1981: Solace, Stone
I had recently known great sorrow:
my young brother was gone. So I set out alone.
Deep in Breaux’s Gore– where I’d never been
until that morning– a headstone leaned.
It was quiet. Never such quiet.
Who can recall that marker but me?
Who is there even to know about it?
Doubtless someone. Hunters must see
the canted slab now and then,
there since 1841.
It only bore one name: John Goodridge,
wife- and childless. Water and sun
had worn its shoulders round.
Home late afternoon, near evening,
I moved from woodpile to shed and back,
less as if working than dreaming.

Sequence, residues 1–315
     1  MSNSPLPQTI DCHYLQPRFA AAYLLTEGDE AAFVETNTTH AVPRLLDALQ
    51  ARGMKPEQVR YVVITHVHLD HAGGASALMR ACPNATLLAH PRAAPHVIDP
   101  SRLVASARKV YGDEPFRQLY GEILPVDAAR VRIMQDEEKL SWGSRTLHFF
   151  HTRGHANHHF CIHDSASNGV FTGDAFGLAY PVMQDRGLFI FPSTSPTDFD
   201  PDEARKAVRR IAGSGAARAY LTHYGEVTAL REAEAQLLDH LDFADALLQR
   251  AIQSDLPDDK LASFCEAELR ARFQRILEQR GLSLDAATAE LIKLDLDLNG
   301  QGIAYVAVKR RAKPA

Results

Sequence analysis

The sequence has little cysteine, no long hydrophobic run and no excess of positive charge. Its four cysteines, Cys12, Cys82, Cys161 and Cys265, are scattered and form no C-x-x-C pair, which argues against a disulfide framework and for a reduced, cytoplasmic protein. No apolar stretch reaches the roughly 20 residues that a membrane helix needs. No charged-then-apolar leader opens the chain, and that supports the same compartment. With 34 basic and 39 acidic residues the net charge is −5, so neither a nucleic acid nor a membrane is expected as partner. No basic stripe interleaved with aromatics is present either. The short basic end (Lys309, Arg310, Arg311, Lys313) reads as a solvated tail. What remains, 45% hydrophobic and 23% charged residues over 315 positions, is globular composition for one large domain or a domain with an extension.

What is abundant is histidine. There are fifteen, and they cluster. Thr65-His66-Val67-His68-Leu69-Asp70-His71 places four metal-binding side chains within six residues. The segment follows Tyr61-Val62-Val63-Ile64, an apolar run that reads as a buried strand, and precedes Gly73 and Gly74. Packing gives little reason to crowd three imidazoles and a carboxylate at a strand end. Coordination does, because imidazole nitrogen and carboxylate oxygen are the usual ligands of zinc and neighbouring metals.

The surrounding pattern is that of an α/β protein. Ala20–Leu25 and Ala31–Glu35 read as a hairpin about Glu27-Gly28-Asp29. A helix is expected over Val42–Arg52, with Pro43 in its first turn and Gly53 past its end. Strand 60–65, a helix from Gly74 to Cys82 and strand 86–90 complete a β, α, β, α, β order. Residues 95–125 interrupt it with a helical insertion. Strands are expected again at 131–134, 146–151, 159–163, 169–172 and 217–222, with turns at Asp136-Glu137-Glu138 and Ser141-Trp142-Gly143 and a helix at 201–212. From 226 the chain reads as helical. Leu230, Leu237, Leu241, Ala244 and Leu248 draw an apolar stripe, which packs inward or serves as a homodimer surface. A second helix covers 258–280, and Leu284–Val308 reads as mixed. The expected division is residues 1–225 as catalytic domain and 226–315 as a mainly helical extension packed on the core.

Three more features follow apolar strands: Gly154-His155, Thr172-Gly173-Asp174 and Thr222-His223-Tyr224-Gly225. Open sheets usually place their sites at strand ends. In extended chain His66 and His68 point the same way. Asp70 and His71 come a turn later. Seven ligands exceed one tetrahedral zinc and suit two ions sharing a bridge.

Scents rose in autumn dusk
then settled, odors of duff and rain.
I settled too– in the wheelbarrow’s bed,
like a chunk of oak or rather stone
that might passively ride along.
Forty years since, that I bore witness
to the marker. Even birds had gone mute.
I’d never known so complete a silence.
I wouldn’t forget it. Never.
I would never not hear that stillness again.
Our little family was set for winter.
We’d soon be soothed by the iron stove’s hum.
I turned from our surfeit of firewood,
And felt at once that a gentle something–
from above the trees, from far over our woodshed
and down through all leaf, all dust– was falling
into my bone and flesh.
I thought back on the morning, so laden with silence,
as if I could move beyond joy or sadness,
stone-quiet myself, and that meant solace.